If there were any doubts about the continued clout and relevance of influencers in today’s saturated social media marketplace, Kylie Jenner erased them with her casual tweet back in February about no longer using Snapchat. Her seemingly innocuous comment saw the App’s stock price plummet by 6%, shaving about $1.3billion off the company’s market value.
Today, endorsements by a big name can make or break a product launch, causing brands to be increasingly selective with the influencers they collaborate with. This is no different in China and understandably so, with it being the largest market for luxury goods in the world.
Influencers in China may go by a different name – KOLs, or key opinion leaders – but the similar challenge of ensuring that high levels of exposure later translate into sales, remains.
1. Restricting Supply
A tried and tested method is restricting the quantity of products available for sale. In creating limited editions, consumers feel a stronger sense of urgency to put their money down on the product right away (we often refer to this as ‘drop culture’ or ‘hype culture’).
This also taps into the millennial psyche (and millennials are now the fastest growing base of luxury customers in the world) of desiring exclusivity. Pairing this with the involvement of a KOL appears to be sure-fire way to sell out in China.
Chinese KOL Becky Li, nicknamed the ‘buying goddess’, has over 1.6 million followers on WeChat and regularly collaborates with brands on her platform.
Li collaborated with Mini Cooper to promote its limited edition Caribbean aqua-coloured Countryman last year with massive results. All 100 cars sold out on WeChat in less than four minutes of the launch.
2. Special Design Collaborations
Another approach brands have taken is that of introducing special edition items designed in collaboration with the KOLs themselves – giving limited editions the additional seal of approval from the get-go.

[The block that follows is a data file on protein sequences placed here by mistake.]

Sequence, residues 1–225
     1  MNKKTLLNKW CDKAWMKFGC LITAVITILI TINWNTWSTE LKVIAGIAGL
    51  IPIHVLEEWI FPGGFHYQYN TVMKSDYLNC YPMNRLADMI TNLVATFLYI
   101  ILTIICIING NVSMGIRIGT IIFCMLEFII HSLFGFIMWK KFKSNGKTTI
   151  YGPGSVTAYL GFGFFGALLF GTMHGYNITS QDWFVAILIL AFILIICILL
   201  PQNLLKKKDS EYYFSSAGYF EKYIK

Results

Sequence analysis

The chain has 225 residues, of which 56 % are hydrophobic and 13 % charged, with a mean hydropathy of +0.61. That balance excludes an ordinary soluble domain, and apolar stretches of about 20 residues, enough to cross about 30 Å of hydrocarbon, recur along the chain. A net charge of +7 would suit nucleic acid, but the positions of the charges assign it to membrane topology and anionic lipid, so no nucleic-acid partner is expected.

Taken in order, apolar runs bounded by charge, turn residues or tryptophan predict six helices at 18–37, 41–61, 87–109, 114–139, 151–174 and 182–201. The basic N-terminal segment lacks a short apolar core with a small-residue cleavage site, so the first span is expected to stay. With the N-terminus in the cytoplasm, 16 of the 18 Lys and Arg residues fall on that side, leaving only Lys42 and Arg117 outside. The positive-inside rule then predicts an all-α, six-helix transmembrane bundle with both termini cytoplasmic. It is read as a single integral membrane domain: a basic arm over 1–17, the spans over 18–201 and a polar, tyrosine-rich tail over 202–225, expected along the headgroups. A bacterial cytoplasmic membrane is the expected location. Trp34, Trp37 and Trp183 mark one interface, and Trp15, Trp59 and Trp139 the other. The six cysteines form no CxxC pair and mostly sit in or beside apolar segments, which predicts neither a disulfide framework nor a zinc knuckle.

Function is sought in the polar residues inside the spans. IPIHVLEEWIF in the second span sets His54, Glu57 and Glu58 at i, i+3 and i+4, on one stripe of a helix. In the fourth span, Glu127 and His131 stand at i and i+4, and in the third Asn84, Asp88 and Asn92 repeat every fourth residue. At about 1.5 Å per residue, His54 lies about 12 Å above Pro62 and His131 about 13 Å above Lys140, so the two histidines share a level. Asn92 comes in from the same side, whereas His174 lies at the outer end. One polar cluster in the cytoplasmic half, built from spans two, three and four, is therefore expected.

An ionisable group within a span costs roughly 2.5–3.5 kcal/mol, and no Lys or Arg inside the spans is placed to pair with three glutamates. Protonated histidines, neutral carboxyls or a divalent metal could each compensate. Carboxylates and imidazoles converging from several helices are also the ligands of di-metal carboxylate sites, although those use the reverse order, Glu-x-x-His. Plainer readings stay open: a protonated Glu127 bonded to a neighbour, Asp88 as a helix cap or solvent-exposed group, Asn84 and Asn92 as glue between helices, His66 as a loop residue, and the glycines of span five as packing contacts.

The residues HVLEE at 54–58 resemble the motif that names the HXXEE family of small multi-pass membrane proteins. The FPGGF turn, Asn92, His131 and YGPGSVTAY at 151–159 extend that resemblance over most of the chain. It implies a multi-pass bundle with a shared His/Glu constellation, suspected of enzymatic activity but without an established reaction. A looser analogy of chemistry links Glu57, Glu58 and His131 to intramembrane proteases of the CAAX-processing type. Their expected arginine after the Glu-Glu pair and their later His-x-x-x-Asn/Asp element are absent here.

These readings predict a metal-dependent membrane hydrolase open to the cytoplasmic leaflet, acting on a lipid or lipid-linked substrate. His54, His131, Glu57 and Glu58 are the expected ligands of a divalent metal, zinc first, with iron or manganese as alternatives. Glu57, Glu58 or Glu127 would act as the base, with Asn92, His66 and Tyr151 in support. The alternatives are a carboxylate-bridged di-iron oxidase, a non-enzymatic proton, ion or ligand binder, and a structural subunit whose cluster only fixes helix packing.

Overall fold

Longchamp tapped into influential Chinese blogger Tao Liang - better known by his online moniker, Mr. Bags - to collaborate on a special capsule collection for the new year. Mr Bags was actively involved in the entire process, from material selection, through to design and activation.
Combining the might of Mr Bags with the scarcity factor mentioned previously (no more than 400 units per style were made globally, with a maximum of 250 units per style allocated to China) his ‘bagfans’ as his base is known, jumped on the collaboration - selling out in a matter of minutes.
3. Leveraging Alternative E-commerce Channels
Given the advanced social media landscape in China, KOLs are running their own e-commerce platforms within WeChat in the form of WeChat Stores.
Chinese KOL, Gogoboi, launched his own WeChat boutique ‘Bu Da Jing Xuan’ last year: a platform on which he curated selections of goods from luxury retailers such as Net-A-Porter and Farfetch to sell to his fans.
Givenchy launched its new Duetto handbag collection on his platform and became the first luxury brand to test out an influencer’s own e-commerce channel.
Seven styles of the bag were made available – the classic black and white version sold out within half an hour of the launch. Within 72 hours, all other remaining styles of the bag were sold out.
SEEN is compiled by LOVE’s Head of Culture, Kat Towers. Want to say hello, ask questions or challenge her cultural knowledge then get in touch email@example.com